But my girlfriend never gets her money’s worth at an all you can eat place. Similarly, many people don’t get their money’s worth from a subscription title. Playing LOTRO super casually and buying access to a zone every couple of months would work splendidly for them.

  • I played LotRO when it first came out. In fact, I played the beta. I reached the max level, completed all of the raid content available for the first year, and even participated on the private developer test server.

    My perspective on the game, which I loved, is that the game is meant to be a total package game. I see breaking it up and selling it off for parts as detrimental to the total game.

    I don’t see the a la carte being acceptable when used to break up the whole — a whole that worked.

  • First of all, a few points. Free players have access to all content in the Shire, Ered Luin, and Bree Land. Because of the recent revamps of this content, that easily gets you to level 20. After that you have access too all of the Epic Books in Volume 1, several Skirmishes (a type of instance that scales by group and level), and at least one group dungeon (that will scale with you as you level). In addition, you can earn Turbine Points in game as you level, then use that to buy content. If you mix in Skirmishes, the instance, and the Epic Books, you could easily reach level 50 (the level cap if you didn’t pay for anything). Yes, it’s possible, and the grind wouldn’t be that bad.

    I do agree that F2P probably isn’t the best name. Buying the quest packs is more like buying a lifetime subscription to a chunk of content. Pay $5 for the Lonelands and you can play it on all of your characters with no subscription fee until Turbine shuts down the servers. That’s not a bad deal.

    Really this is aimed at people who only want to play casually. If you only play a few hours a week/month, then buying a few quest packs is a far better deal than paying $10-15 a month.

  • It’s not like that anymore. You can level up to 50, which is the maximum for the no-expansion version of the game (as far as I remember – visit the lotr-website), which is the same level for VIPs and Premium users (who also get some perks like additional quests etc.). Still, there are some areas (like Trestlebridge – to the north of Bree), which have too many premium quests (almost if not every NPC with a quest has this big golden ring mark (like in the picture in the beginning of this article)). Usually you go to such areas following a quest that gives you point (to spend in the LOTRO store). Although this is [email protected], I do say that this is a neat trick. 😀 It’s like going from point A to B for free (and even get some reward) but you have to pay to enter point B. 😉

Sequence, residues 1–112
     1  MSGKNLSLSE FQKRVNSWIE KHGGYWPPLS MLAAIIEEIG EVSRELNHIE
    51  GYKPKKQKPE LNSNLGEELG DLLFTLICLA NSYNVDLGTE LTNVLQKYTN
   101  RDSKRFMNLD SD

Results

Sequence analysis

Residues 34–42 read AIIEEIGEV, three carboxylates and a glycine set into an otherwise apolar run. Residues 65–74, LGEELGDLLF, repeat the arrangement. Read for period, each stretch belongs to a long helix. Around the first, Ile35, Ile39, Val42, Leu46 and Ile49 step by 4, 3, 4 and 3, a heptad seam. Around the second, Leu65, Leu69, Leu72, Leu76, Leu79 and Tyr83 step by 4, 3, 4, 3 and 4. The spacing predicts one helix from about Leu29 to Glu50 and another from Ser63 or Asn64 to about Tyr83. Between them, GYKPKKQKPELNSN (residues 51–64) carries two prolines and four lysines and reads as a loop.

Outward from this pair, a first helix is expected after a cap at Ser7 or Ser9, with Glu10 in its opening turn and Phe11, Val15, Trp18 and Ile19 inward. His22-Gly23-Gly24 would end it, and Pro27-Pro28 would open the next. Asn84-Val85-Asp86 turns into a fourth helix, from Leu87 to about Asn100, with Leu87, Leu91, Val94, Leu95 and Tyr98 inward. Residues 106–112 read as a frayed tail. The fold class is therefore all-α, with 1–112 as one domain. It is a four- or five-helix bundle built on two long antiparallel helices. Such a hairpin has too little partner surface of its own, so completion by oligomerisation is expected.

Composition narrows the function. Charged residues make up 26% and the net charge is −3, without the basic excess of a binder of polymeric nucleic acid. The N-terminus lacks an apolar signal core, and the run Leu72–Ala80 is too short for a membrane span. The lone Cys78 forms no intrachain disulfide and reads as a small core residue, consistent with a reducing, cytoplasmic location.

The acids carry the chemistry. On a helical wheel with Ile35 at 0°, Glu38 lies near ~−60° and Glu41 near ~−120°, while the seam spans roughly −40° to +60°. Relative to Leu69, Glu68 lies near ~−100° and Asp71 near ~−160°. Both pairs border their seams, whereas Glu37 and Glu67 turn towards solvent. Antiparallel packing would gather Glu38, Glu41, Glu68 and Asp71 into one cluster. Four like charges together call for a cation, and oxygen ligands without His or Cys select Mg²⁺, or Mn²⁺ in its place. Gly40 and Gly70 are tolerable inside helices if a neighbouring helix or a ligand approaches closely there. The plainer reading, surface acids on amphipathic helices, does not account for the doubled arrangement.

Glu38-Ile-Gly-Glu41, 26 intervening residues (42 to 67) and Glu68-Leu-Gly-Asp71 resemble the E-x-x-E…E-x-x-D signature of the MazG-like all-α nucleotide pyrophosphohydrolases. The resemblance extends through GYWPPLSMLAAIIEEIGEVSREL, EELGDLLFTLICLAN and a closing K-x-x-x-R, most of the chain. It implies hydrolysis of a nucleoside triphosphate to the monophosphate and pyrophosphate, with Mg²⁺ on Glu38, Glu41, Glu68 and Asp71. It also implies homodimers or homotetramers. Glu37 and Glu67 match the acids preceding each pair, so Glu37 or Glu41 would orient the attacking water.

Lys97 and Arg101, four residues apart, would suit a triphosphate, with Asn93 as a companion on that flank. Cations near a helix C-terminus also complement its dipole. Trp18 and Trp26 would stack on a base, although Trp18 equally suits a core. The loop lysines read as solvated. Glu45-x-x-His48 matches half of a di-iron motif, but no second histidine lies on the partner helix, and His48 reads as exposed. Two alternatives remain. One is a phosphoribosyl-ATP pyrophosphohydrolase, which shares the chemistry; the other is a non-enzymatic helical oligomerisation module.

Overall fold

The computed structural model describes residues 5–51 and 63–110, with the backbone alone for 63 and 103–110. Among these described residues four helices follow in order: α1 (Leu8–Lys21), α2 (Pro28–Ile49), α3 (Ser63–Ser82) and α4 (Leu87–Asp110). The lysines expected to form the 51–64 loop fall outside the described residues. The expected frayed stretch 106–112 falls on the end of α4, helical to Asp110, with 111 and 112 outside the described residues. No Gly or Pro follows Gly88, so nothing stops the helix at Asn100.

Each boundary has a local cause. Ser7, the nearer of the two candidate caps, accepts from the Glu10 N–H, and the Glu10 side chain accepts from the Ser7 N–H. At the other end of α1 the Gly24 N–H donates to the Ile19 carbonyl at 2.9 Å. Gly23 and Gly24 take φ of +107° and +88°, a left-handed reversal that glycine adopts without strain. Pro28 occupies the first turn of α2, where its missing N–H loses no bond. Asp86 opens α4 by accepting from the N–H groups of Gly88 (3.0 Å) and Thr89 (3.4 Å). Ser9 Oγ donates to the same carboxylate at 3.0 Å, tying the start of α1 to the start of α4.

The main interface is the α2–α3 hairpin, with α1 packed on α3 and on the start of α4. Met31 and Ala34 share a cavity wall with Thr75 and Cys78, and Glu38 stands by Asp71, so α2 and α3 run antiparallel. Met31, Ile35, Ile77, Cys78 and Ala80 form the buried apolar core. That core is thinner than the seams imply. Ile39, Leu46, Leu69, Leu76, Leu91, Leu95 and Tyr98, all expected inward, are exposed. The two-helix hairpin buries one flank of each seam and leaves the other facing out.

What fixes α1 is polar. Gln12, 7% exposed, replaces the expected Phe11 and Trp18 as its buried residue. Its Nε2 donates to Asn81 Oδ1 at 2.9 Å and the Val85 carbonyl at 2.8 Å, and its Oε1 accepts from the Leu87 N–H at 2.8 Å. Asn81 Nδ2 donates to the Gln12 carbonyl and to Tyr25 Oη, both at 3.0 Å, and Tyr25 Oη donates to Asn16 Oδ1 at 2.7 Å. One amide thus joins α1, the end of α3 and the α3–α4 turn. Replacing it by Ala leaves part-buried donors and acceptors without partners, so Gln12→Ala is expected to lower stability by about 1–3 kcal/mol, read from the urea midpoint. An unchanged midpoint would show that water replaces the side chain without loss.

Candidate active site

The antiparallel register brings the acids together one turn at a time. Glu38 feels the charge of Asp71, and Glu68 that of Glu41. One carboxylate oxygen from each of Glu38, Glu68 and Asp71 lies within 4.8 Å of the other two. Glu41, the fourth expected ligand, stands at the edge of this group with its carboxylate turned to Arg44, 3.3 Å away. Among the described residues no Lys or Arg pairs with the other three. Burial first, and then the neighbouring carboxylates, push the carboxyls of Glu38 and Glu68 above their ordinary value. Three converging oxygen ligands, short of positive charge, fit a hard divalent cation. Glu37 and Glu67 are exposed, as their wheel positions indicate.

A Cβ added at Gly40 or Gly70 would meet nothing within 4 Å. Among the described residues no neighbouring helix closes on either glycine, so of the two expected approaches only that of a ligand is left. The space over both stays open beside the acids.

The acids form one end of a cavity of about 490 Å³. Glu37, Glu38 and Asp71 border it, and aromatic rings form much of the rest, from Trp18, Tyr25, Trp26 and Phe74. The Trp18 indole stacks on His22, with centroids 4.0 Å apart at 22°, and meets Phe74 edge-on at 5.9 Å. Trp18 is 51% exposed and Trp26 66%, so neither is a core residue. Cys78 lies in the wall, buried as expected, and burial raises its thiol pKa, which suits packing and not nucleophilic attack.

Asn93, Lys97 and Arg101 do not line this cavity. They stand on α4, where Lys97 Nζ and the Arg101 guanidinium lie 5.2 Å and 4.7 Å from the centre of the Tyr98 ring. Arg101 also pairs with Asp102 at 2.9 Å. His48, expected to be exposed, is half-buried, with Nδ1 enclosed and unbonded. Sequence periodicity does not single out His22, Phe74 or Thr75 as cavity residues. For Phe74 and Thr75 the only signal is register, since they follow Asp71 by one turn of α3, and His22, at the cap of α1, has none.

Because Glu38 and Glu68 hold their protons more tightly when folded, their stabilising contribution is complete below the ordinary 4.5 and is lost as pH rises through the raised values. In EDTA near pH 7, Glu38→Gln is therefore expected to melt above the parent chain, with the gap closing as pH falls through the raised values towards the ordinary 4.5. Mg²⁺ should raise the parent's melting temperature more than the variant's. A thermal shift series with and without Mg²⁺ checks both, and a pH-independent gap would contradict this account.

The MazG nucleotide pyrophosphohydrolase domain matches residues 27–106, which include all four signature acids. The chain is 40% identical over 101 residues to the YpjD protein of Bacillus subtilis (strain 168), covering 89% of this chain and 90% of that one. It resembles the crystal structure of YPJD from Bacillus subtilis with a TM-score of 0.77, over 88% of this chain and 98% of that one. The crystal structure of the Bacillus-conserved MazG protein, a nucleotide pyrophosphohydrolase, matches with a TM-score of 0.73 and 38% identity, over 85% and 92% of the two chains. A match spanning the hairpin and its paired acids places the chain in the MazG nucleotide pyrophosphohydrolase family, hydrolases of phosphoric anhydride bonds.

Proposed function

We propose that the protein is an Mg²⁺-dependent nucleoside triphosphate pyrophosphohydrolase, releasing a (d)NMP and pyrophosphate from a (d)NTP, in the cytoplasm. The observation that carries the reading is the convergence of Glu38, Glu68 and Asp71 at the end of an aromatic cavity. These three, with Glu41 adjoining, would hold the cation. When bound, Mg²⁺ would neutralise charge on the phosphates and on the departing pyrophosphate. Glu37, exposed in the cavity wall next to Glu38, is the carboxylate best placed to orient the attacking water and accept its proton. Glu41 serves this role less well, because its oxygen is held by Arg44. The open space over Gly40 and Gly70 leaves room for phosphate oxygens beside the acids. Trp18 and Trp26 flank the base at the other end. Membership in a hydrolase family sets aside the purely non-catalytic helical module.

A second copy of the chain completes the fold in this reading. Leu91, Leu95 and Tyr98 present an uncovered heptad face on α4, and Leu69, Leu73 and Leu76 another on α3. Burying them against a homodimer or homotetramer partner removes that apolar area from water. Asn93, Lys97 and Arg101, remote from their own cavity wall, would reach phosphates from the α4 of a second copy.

There are many things that bind you to the store. Forget about the quest-packs etc. For example the Riding skill, which is essential to everyone who want to have his own mount, can only be bought through the LOTRO store. Yet buying a mount has a couple of ways to be done:
    1)VIP users get a basic mount through a quest. Further better mount has to be bought (as far as I know). For the basic mount from this quest there is no Riding skill required!
    2)Premium users have to buy a mount.
    3)F2P users have to buy a mount.

    Now there is also a difference in the meaning of “buying”. Some mounts can only be bought in the LOTRO store (and some of them are ONLY for Premium and VIP users). Other mounts can be bought from a horse master (like the one in the north outside Bree). The second option is quite a nice surprise. For around 500 silver coins you get a nice horse (better than the slow basic mount).

    So enough chit-chat from my side. There is plenty to be discovered and explored even for the F2P players. Let’s also not forget that (turbine) points can be acquired for free – as a reward from a quest or a deed (usually either 5 or 10 points). I myself am 22 level and so far love the game. Huge areas, beautiful landscapes, spooky atmosphere from time to time, incredible soundtrack etc. There is still plenty to do, when it come to the development of the game of course. But WoW&Co are not perfect either. Besides paying every month a fee is worse than buying a quest pack because you might want to play only Saturdays and Sundays (because there a people who have [email protected] to do during the whole freaking week!) or just when you like to. If you pay 15$ or so for a monthly subscription, then you ‘feel’ the need to play so that the money doesn’t go to hell for nothing. 😀

    I know very few MMORPG that are really free e.g. no premium content, no fee etc. Yet these games usually have major financial difficulties because let’s face it – especially in the beginning it’s really hard to sustain a development only on donations and developers, who do this just for fun and in their spare time. So LOTRO has to have some paid content. Otherwise how else will Turbine be able to run all the servers, continue the development etc.

    That’s all. Be happy with what you have in front of you and don’t look into the neighbours bowl. 😉